Survivorship of plant species from soil seedbank after translocation from subtropical natural forests to plantation forests

Survivorship of plant species from soil seedbank after translocation from subtropical natural forests to plantation forests

Publication date: 15 January 2019

Source: Forest Ecology and Management, Volume 432

Author(s): Qingqiu Zhou, Feng Li, Xi-an Cai, Xingquan Rao, Lixia Zhou, Zhanfeng Liu, Yongbiao Lin, Shenglei Fu


The enhancement of biodiversity is an important strategy to improve the structure and functioning of monoculture plantations. However, compared with seedling transplanting, there is limited information about the utilization of soil seedbanks in regenerating plantation forests. In the present study, to investigate the potential application of soil seedbanks in plantation forest regeneration, the topsoil (0–10 cm) of natural forests was translocated to different monoculture plantations, namely, Acacia crassicarpa, Castanopsis hystrix and Eucalyptus urophylla monocultures. Seed germination, seedling growth and related environmental conditions of the plantation forests were monitored in the experiment. Although, at the very start, large numbers of seedlings emerged from the soil seedbank, only nine species survived after 2.5 years, including seven tree species and two shrub species. Notably, Machilus chekiangensis, a tree species with high economic value, was established in the plantation forests. Except for the common species that emerged in the three plantations, there were some special species that were only associated with a specific plantation. Redundancy analysis revealed that nitrogen from both the natural forest and plantation forest soil had significant effects on seedlings growth. However, environmental conditions such as light (reflected by leaf area index), soil temperature, moisture and pH showed no obvious influence on seedling growth. Our study suggests that soil seedbank translocation from a natural forest to a plantation forest can be a useful approach for plantation forest regeneration because it could introduce valuable plant species and improve the plant biodiversity.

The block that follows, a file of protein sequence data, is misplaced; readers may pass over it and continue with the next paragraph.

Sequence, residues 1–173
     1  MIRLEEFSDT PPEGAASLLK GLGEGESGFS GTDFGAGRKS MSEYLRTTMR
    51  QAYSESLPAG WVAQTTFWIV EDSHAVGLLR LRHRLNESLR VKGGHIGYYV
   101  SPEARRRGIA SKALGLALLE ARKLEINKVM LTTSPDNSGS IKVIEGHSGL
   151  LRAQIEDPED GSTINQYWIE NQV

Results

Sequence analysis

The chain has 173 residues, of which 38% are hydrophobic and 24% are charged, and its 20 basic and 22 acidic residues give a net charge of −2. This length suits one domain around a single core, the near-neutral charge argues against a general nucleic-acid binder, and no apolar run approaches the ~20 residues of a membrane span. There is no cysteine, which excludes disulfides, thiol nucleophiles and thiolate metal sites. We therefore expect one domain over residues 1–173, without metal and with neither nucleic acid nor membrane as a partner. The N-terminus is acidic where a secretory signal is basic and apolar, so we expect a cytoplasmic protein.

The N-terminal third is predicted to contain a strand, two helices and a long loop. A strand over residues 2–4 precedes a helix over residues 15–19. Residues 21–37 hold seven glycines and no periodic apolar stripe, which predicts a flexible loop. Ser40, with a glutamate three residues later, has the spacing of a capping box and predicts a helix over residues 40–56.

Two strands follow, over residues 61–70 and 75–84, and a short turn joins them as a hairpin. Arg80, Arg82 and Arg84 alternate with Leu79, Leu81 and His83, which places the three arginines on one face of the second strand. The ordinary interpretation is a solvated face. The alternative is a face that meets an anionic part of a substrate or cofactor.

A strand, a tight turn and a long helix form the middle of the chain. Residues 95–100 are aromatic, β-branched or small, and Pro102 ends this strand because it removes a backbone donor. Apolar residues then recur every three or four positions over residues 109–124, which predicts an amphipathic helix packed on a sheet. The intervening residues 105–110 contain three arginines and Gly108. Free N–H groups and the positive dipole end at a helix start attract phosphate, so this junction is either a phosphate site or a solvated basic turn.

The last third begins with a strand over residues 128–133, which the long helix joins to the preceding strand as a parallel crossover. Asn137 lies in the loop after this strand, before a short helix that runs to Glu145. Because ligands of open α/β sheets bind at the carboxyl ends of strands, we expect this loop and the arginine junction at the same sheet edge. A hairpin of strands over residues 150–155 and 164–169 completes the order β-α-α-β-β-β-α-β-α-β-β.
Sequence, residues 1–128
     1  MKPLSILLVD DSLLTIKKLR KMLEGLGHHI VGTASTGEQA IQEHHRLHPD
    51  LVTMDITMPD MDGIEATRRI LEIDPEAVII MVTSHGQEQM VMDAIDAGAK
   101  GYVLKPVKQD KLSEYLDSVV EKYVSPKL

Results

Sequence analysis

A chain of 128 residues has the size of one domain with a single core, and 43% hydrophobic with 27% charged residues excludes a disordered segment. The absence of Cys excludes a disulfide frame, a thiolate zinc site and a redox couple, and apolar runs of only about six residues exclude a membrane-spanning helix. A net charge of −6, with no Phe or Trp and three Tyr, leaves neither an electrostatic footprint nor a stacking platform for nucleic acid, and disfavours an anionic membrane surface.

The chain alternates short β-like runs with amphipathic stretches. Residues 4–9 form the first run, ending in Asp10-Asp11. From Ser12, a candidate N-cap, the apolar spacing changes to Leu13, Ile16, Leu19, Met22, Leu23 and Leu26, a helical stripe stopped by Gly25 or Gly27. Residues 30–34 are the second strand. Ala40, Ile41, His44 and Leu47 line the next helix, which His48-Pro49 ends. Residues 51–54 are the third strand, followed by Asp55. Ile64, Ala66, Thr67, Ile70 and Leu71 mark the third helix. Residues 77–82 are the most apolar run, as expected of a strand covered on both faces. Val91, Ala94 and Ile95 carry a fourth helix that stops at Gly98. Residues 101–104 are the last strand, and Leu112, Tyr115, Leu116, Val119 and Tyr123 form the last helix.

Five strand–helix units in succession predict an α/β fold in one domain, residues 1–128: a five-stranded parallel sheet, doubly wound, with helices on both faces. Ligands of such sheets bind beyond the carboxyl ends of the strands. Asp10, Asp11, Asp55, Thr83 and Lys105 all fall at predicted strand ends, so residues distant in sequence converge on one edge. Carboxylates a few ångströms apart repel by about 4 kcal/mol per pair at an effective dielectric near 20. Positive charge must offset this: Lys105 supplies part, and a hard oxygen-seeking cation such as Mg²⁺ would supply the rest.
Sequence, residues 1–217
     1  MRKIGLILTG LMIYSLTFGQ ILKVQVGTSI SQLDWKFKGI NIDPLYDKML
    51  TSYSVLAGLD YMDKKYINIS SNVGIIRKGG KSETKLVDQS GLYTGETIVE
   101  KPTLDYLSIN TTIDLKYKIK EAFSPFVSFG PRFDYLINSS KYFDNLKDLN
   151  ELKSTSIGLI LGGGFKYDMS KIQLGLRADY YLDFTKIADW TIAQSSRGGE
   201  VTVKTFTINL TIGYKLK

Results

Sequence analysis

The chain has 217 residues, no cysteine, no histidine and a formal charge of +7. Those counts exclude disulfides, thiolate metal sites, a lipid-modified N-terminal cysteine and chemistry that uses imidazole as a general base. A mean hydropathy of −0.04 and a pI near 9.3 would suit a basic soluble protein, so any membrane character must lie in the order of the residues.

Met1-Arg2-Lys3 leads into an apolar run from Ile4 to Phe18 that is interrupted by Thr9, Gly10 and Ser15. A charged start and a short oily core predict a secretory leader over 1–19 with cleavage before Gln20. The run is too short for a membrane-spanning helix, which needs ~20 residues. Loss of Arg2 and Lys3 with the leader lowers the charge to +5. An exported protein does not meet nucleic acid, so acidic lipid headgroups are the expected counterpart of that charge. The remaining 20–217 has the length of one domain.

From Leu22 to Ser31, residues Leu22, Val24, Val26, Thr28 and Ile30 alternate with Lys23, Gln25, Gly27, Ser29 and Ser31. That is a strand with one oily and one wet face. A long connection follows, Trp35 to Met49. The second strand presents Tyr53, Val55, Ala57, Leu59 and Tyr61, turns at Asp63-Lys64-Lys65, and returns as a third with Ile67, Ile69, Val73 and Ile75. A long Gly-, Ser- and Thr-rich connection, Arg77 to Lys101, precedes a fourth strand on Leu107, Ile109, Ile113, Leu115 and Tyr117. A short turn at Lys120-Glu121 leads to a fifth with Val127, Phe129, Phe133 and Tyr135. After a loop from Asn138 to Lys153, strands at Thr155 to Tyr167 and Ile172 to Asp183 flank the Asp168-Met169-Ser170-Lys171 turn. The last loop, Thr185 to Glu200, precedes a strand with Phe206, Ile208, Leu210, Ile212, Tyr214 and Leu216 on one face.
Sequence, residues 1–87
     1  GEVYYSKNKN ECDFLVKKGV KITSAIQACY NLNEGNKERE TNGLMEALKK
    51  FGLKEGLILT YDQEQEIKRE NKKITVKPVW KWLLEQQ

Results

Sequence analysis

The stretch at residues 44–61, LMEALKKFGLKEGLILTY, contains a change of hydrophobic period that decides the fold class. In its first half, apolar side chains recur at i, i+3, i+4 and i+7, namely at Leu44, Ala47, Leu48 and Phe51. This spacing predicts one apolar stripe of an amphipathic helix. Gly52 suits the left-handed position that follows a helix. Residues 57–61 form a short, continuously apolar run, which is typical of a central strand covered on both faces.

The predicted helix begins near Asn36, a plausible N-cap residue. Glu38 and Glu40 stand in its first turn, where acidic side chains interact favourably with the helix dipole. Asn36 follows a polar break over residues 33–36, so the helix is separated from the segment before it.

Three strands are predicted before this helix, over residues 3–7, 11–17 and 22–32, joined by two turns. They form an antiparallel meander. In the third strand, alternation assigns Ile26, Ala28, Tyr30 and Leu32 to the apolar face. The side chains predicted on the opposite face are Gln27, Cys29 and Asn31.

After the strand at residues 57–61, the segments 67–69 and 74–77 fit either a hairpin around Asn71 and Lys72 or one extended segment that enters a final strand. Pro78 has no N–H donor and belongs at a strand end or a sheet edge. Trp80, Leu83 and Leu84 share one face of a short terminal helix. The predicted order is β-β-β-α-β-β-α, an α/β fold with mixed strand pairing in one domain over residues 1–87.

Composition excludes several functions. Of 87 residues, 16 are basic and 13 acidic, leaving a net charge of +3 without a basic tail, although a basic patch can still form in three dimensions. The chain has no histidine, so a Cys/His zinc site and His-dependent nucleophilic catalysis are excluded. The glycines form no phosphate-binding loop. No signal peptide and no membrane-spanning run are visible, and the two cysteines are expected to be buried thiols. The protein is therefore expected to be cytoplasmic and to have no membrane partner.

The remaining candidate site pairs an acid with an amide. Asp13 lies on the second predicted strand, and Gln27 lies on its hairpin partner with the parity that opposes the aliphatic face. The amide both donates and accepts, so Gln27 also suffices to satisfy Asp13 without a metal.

via ScienceDirect Publication: Forest Ecology and Management

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